Visiting The Hearth Vintage Bazaar 13th and 14th April 2013.

I recently decided to volunteer for The Hearth, which comprises eight artist studios, a cafe and community hall, inside a restored early 17th century manse next to Horsley Village Church.

The Vintage Bazaar was the perfect time to meet with the resident artists and see the Hall in use. After a few hours chatting to artists, traders and volunteers I came away having met some lovely people, mentally bought a house full of vintage collectables, and planned a future trip all around Northumberland to visit some of the stall holders’ shops.

With organisers making sure yellow AA signs are in place the night before the event, even those of us venturing out of Newcastle city centre for the day had no trouble making our way to The Hearth.

Arriving a few hours before the Bazaar officially opened I decided to stay out of the way of the busy stall holders, and took the opportunity to grab a coffee before exploring the artists’ studios.  Inside The Hearth Cafe I met Alanna, the cafe manager, who was busy with last minute preparation but took a few minutes to tell me about the menu for the day, which already smelt delicious. A tasty sounding pea risotto caught my eye on the specials board, but as it was only 9:30am I figured it was a bit too early for that, so decided it was time for a cappuccino in the sunshine. The Café is open seven days a week, and Alanna ensures they work closely with all activities which take place at The Hearth.

Outside I found artist David Holliday, also grabbing a coffee before the visitors arrived. David specialises in watercolours and has a background in design and illustration. His paintings range from townscapes to wide open beaches, moody landscapes, puffins and pigeon houses. David has been involved with The Hearth since it began nine years ago, as well as running his own business and studio from there.  I also discovered that David’s dad is closely involved in the running of The Hearth, this sense of community is key, with Artists, Café staff, Trustees, Tenants, Volunteers and Administrators all working to create a village venue which provides access to artists’ workshops, live music, heritage talks and good food as well as offering a glimpse into the working environment of artists through the open studios.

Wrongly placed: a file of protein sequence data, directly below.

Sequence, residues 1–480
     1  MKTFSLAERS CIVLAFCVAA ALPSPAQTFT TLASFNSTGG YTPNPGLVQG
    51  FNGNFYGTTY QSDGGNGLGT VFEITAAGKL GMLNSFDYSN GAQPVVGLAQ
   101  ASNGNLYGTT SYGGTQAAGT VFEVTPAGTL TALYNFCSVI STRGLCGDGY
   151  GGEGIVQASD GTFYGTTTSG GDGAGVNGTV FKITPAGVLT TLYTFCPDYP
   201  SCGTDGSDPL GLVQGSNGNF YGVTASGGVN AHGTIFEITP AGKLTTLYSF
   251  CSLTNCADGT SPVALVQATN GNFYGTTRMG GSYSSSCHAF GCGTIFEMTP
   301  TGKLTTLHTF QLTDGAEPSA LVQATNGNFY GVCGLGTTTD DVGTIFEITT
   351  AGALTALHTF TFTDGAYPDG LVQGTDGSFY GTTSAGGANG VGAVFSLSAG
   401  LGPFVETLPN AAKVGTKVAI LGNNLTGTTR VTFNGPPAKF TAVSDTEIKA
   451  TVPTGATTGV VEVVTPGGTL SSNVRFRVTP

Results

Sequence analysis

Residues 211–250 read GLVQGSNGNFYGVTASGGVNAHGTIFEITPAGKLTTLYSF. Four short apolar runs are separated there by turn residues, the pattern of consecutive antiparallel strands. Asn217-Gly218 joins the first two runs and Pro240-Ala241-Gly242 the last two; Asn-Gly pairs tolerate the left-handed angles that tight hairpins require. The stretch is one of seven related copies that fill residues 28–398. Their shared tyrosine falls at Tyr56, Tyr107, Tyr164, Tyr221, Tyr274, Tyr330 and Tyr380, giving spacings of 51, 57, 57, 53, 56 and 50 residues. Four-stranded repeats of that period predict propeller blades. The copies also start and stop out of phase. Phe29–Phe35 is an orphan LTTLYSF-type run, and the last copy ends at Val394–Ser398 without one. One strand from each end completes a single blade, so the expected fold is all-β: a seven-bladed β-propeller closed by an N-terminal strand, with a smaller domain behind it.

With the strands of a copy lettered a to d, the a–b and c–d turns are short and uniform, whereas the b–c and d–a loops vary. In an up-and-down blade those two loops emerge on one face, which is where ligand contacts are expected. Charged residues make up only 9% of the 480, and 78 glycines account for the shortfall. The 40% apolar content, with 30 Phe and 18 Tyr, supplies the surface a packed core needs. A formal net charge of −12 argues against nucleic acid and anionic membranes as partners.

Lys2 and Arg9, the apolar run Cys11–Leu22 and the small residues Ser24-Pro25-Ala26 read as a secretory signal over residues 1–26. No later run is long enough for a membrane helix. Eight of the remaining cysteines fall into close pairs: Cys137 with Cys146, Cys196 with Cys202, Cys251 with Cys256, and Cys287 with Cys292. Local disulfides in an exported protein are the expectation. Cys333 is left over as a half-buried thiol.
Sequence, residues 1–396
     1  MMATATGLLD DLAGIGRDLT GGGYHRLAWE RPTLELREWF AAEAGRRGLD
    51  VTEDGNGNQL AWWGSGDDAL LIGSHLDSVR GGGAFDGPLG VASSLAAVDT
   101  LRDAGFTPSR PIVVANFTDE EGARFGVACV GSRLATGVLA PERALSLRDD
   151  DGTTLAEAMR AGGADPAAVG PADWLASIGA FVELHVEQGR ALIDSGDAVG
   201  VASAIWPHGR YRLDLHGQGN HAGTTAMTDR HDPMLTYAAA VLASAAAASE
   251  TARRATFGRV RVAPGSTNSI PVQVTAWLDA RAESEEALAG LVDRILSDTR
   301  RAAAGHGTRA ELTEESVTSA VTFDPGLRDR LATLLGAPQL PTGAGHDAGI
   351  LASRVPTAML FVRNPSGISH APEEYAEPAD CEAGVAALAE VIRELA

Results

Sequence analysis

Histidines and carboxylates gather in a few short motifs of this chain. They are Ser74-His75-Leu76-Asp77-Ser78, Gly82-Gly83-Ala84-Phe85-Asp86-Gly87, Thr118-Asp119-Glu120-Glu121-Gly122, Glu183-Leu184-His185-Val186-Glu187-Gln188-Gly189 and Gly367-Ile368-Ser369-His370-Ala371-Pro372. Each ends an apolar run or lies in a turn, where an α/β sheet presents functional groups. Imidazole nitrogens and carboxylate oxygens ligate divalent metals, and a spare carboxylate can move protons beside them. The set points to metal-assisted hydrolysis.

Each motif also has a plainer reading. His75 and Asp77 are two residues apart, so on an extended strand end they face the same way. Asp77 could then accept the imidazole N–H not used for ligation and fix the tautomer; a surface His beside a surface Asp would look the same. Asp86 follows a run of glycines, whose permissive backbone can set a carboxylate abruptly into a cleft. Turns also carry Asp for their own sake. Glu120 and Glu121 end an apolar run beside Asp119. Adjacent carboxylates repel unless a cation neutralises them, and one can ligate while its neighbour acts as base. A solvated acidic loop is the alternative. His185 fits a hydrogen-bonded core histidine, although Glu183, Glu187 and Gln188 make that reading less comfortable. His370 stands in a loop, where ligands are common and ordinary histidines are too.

The majority of studio holders are located in the main building, above the Cafe. Here I found Jill Stewart, Carol Robinson, Ruth Hicken, Cathy Duncan and Mandy Pattullo busy setting up their studios. Each artist welcomed me in, sharing information on their practice, the workshops they run and their experience of basing themselves inside The Hearth.  I could have spent hours exploring each artist’s space, from Carol’s hand dyed yarns, to drop spindles Ruth uses for workshops , the colourful metal jewellery in Jill’s display case, and then up into the two attic studios where intricate prints by Cathy and an Aladdin’s cave of textile and collage works from Mandy greeted visitors.

There are two further studios to the back of the Hall, where I found ceramic artists Melanie Hopwood and Sara Jane Palmer, as well as printmaker Rebecca Vincent who runs Horsley Printmakers. While the artist’s studios and practice differ, there was a similarity in the way this group talked about The Hearth and the artists they share the building with, there is a sense of pride and a desire to see the art centre thrive from all involved.